A rotated dimension allows the drafter to develop a linear dimension between two points that aren’t necessarily along a straight line.

Figure 4 shows all three types of dimensioning styles. Do not confuse rotated dimension as the linear dimension that has been assigned and then rotated in UCS. These dimension types clearly display orientation of the part or the assembly drawing.

B) Arc length

Figure 5,6,7: Measuring the arc length: Leader and Partial

Arcs are shown using leader lines or polylines along the arc length. This feature is newly introduced in AutoCAD and may not be available in older versions. Showing the length explicitly in drawings along with the radius and other dimensions avoids manufacturing interruptions for calculation.

C) Properties of circle: Radius, diameter and center (w.r.t. UCS)

Figure 8,9,10: Assigning dimensional properties to a circle in AutoCAD

DIMRAD command in AutoCAD gives you the values for any arc type, radius and dimensions. It will also display the center mark. You can also specify if you want the mark for each circle from sub menu in dimension panel. However, in case of multiple aligned holes, it is a good practice to use a center line and extend it to other circles to show alignment and identical properties.

Images here show simple representation while the picture in real life is much more complicated. For example, a sheet metal plate will have numerous holes to be drilled. In such cases, the drafter should not clutter things up but detail it enough for clear understanding of the machine operator.

D) Even spacing, baseline and continue dimension

Even spacing, baseline and continue dimension are the three major types of dimensioning styles. They are specifically helpful when more than one distance is to be specified along a line. To show them easily, they are first put in place in the drawings and then adjusted using DIMSPACE command.

The difference between baseline and continue dimension is that in baseline method, all distances are measured from the first point known as base point. The latter, continue dimension, shows distances between two consecutive points.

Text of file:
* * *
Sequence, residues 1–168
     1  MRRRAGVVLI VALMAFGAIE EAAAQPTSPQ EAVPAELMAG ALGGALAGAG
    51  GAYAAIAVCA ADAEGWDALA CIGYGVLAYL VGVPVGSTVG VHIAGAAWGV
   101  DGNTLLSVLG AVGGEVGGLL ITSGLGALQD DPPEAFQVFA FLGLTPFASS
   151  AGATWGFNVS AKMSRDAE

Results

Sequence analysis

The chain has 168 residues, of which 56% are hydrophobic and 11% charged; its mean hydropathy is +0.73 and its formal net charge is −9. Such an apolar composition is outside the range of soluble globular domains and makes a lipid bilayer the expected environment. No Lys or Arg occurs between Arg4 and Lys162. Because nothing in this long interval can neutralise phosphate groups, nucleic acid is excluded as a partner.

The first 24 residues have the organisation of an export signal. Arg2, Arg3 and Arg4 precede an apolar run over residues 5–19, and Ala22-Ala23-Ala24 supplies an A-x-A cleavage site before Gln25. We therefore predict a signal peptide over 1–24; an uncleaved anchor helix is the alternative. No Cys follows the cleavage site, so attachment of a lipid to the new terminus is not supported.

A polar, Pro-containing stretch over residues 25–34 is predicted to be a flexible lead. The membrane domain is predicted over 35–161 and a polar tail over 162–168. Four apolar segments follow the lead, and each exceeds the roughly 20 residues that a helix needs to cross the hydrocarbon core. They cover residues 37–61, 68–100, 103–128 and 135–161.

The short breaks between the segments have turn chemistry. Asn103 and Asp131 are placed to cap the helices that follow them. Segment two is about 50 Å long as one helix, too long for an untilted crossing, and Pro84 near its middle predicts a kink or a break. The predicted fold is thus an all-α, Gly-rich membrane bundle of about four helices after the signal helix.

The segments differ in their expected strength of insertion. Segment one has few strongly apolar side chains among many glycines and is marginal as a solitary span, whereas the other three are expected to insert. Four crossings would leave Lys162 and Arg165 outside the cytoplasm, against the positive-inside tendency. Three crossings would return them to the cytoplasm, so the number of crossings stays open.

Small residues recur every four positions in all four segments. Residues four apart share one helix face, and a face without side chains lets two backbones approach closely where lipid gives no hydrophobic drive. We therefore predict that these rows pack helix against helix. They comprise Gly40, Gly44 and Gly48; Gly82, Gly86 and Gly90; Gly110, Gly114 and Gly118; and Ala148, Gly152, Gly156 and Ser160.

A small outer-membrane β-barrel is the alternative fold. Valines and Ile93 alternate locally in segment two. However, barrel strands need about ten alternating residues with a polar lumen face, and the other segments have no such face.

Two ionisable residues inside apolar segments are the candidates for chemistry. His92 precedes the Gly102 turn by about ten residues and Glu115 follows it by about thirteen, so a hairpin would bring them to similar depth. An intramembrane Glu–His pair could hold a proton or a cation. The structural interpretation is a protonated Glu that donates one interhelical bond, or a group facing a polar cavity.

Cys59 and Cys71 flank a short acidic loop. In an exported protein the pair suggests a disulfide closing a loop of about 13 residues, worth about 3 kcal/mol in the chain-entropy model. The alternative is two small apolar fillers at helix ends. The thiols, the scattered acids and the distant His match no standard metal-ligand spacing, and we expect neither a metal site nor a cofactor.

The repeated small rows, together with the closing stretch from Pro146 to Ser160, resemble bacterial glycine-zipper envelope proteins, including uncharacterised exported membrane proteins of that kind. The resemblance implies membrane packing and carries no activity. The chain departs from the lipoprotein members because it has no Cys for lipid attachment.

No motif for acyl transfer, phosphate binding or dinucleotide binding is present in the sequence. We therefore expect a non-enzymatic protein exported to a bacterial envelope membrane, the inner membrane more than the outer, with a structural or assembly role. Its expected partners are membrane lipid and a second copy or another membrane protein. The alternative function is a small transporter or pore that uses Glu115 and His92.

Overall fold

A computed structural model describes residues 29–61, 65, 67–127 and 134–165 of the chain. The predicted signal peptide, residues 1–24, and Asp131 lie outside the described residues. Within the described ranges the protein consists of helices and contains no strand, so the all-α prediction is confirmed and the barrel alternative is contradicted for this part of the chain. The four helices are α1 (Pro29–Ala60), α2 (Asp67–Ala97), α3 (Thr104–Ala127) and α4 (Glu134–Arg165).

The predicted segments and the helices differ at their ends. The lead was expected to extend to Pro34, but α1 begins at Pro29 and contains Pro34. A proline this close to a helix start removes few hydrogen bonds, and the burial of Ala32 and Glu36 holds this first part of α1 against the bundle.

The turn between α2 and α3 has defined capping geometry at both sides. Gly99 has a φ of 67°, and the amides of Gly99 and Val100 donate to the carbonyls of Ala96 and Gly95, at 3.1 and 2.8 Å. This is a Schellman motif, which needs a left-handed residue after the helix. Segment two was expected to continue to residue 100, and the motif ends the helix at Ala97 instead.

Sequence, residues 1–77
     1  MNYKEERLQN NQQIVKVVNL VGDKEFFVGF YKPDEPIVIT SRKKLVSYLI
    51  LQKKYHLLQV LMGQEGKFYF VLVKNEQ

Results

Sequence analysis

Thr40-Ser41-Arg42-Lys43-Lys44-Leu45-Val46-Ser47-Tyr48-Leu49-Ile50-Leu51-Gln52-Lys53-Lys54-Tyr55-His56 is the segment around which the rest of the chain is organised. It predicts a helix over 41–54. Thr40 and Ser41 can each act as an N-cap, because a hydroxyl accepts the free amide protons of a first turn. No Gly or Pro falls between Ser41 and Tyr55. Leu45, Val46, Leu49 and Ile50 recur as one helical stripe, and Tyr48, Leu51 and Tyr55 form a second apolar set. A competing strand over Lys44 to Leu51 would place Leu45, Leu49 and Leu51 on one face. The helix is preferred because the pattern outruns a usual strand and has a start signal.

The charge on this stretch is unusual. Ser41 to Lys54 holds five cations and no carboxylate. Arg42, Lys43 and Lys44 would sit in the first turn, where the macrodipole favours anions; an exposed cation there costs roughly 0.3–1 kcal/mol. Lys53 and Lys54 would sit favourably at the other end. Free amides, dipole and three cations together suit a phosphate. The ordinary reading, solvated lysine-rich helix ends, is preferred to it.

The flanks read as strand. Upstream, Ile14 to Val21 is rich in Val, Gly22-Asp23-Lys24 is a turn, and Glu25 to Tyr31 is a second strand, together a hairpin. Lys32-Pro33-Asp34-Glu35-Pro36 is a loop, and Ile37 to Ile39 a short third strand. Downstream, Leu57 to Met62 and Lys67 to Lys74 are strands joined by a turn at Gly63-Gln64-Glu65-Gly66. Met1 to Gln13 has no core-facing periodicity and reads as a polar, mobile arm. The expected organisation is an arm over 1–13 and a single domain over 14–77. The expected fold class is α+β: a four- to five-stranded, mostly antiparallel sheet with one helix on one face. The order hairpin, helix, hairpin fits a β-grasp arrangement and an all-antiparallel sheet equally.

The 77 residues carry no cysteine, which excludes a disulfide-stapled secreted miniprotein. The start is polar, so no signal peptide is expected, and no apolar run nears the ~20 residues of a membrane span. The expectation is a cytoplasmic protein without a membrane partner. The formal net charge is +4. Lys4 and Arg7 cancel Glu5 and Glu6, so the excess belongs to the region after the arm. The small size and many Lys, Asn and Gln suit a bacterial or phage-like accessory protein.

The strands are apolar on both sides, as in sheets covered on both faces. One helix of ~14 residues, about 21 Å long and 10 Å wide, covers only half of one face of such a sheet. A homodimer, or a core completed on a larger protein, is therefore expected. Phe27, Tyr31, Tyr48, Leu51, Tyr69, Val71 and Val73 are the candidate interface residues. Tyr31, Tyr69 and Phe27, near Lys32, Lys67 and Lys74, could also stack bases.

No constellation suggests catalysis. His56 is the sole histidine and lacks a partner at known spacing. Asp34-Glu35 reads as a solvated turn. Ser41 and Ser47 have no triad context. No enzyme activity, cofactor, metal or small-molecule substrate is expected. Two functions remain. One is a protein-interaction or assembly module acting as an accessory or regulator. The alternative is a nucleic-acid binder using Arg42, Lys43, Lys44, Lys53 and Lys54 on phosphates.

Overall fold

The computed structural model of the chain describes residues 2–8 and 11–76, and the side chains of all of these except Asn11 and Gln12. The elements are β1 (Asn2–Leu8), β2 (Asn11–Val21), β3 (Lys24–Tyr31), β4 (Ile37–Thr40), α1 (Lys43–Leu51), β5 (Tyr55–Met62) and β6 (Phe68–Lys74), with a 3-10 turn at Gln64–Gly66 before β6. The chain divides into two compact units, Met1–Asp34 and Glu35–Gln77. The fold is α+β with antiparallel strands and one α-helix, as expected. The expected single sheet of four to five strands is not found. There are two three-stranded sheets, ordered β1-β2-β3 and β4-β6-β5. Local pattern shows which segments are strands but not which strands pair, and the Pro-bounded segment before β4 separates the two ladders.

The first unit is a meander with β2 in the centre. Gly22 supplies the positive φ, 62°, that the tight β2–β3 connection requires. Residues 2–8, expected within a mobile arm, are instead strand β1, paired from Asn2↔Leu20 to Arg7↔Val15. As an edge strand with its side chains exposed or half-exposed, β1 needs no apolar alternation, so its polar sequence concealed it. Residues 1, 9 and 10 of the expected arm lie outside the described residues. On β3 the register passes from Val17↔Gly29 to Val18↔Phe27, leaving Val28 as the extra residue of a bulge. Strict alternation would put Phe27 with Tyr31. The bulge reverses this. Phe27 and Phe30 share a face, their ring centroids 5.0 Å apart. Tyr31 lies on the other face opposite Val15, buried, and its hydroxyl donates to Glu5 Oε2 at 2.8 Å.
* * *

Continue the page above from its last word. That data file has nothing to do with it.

Guidelines go endless but it is a good CAD drafting practice to follow the rule that offers clear design intent communication and avoids conflicts. Other rules like double dimensioning, over-dimensioning etc. should be avoided; minimum spaces, visible gaps etc. between lines should be maintained consistently. Specific numbers, codes, gages etc. are to be specified with symbols and numeral values.

Hitech Engineering Services’s CAD drafters implemented a mix of baseline and continue dimensioning methods for detailed manufacturing drawings while working on architectural millwork products such as awings, railings, signage etc. The mix of two dimensioning types enabled ready calculations of even the smallest dimension and accelerated manufacturing.

3. Over utilizing or underutilizing line weights

Impact: When lines are not weighted properly, readings from drawings could be ambiguous. It leads to flawed decisions, delayed projects, and misused resources.

Solution: Line weights show relationships between two objects and hierarchies, create depth, and add clarity and legibility. To be conscious of using line weights, you must ask yourself a few questions and add the weight accordingly. Some questions include:

  • Do you intend to showcase the first thing that jumps off the drawing?
  • Is there a balance between light and dark in drawings?
  • Is every detail clearly visible?
  • Is there a consistency across drawings?
  • Have you used the same line-type for different elements?